4. Give your child nutritious foods to maintain healthy gums, develop strong teeth, and avoid tooth decay. These include whole grains, vegetables, and fruits. Try to avoid foods that are high in sugar and processed carbohydrates, such as pastries, pasta, and white bread.
  5. Do not give your child mouthwashes that contain alcohol. If your child age 6 or older has cavities, ask the dentist if your child should try mouthwash that contains fluoride. But watch to make sure your child does not swallow it.
  6. Keep your child away from cigarette smoke (secondhand smoke). Tobacco smoke may contribute to the development of tooth decay, gum disease, and other health issues.1 As your child grows, teach him or her about the dangers of smoking and secondhand smoke.
  7. Children play hard, sometimes hard enough to knock out or break a tooth. Learn how to prevent injuries to teeth and what to do in a dental emergency. For more information, see the topic Mouth and Dental Injuries.
  8. If your child sucks his or her fingers or thumb, help your child to stop. If the child can’t stop, see your dentist. For more information, see the topic Thumb-Sucking.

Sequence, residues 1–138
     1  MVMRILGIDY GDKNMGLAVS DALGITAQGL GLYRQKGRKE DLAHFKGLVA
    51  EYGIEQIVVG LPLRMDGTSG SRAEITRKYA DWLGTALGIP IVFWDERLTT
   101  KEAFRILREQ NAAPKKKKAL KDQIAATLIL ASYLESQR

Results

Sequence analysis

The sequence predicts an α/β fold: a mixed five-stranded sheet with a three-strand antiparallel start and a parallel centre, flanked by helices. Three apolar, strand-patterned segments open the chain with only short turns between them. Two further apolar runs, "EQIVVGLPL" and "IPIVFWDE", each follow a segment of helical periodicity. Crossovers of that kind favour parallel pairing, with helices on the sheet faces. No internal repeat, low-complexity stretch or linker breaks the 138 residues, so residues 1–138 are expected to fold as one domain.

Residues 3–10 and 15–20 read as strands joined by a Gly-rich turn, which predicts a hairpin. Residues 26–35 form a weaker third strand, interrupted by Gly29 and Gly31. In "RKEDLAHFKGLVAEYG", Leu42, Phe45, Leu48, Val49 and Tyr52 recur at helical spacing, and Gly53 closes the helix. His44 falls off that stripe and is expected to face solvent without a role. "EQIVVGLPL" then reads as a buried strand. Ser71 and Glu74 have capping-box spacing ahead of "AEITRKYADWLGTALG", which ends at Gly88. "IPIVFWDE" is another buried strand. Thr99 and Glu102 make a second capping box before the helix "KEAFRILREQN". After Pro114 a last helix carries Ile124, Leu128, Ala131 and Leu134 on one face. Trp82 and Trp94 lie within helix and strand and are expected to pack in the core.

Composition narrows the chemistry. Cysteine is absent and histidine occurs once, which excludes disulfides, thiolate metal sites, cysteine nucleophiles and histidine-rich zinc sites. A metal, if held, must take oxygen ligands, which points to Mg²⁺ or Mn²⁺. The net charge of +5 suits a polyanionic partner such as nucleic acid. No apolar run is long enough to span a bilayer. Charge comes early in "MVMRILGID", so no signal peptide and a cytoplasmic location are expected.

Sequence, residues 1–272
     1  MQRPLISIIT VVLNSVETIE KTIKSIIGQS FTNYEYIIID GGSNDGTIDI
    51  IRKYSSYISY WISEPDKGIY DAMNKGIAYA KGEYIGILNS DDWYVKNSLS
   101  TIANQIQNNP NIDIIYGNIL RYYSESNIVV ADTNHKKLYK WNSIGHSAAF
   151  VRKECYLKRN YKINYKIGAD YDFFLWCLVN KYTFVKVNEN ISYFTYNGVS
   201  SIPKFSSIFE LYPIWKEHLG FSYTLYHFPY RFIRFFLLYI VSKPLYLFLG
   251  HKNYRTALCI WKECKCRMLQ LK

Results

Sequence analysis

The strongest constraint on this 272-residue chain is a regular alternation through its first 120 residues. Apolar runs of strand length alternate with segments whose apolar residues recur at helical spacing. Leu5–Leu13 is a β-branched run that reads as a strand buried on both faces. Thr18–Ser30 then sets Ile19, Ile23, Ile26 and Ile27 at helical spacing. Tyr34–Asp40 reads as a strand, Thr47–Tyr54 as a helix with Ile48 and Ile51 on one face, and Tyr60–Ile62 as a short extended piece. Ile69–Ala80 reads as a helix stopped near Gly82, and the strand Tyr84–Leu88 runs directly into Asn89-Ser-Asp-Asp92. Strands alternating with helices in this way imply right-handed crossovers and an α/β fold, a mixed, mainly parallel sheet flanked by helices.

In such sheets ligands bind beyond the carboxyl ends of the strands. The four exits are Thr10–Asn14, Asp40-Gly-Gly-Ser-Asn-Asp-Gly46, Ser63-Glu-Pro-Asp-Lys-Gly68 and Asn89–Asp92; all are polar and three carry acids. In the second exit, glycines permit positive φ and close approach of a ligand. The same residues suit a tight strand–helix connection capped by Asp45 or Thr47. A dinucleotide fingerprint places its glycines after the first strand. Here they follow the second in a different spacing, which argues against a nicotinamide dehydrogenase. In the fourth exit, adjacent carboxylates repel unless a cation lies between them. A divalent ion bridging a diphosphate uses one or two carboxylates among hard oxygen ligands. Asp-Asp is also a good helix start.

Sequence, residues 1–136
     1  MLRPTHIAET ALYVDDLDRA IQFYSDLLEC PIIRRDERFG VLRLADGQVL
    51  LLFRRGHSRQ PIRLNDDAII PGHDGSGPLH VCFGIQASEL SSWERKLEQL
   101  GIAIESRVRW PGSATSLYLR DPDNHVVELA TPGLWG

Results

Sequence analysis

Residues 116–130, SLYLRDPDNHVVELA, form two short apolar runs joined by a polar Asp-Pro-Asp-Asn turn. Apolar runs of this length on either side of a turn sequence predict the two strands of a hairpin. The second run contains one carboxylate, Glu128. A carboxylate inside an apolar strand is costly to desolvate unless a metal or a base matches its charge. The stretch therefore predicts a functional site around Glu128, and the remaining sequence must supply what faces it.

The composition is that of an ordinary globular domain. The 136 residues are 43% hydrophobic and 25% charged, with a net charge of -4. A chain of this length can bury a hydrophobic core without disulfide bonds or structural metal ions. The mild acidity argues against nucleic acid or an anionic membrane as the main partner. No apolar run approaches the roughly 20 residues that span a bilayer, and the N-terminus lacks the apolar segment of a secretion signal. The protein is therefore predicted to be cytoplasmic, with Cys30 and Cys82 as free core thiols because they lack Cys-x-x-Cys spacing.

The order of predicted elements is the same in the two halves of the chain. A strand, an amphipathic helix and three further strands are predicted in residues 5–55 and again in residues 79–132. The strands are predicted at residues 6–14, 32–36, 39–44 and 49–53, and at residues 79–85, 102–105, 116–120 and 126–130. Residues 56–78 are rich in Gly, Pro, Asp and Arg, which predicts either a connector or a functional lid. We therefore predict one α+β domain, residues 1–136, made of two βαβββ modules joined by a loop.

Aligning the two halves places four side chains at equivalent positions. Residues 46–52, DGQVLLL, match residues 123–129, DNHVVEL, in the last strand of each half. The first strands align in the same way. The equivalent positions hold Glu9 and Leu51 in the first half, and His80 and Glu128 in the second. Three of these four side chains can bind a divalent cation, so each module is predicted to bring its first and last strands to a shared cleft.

Brushing and flossing

  1. Start cleaning your child’s teeth with a soft cloth or gauze pad as soon as the teeth come in. As more teeth erupt, clean teeth with a soft toothbrush.
  2. Teach your child not to swallow the toothpaste.
  3. Your child can learn how to brush his or her own teeth at about age 3. Children should be brushing their own teeth morning and night by age 4, although you should supervise and check for proper cleaning.
  4. Give your child a small, soft toothbrush, and apply fluoridated toothpaste in an amount about the size of a small green pea. Encourage your child to watch you and older siblings brush teeth. A good teaching method is to have your child brush in the morning and you brush at night until your child masters the skill.
  5. Start flossing your child’s teeth as soon as they touch each other. You may find plastic flossing tools helpful. Talk with your dentist about the right timing and technique to floss your child’s teeth and how to teach your child to floss.
  6. Use disclosing tablets from time to time to see whether any plaque is left on the teeth after brushing. Disclosing tablets are chewable and will color any plaque left on the teeth after the child brushes. You can buy these at most drugstores.

 

For a child’s comfort, you might consider selecting a pediatric dentist. These doctors specialize in treating young patients, and are usually careful to be gentle and sensitive to a young child’s needs. Some dentists advertise a family practice, which may include caring for young children, too.

 

 

J. Anthony “Tony” Kososki, DDS, FAGD

304 S. Cottonwood Drive, Suite C – Location #1
Richardson, TX 75080

Phone (214) 446-1946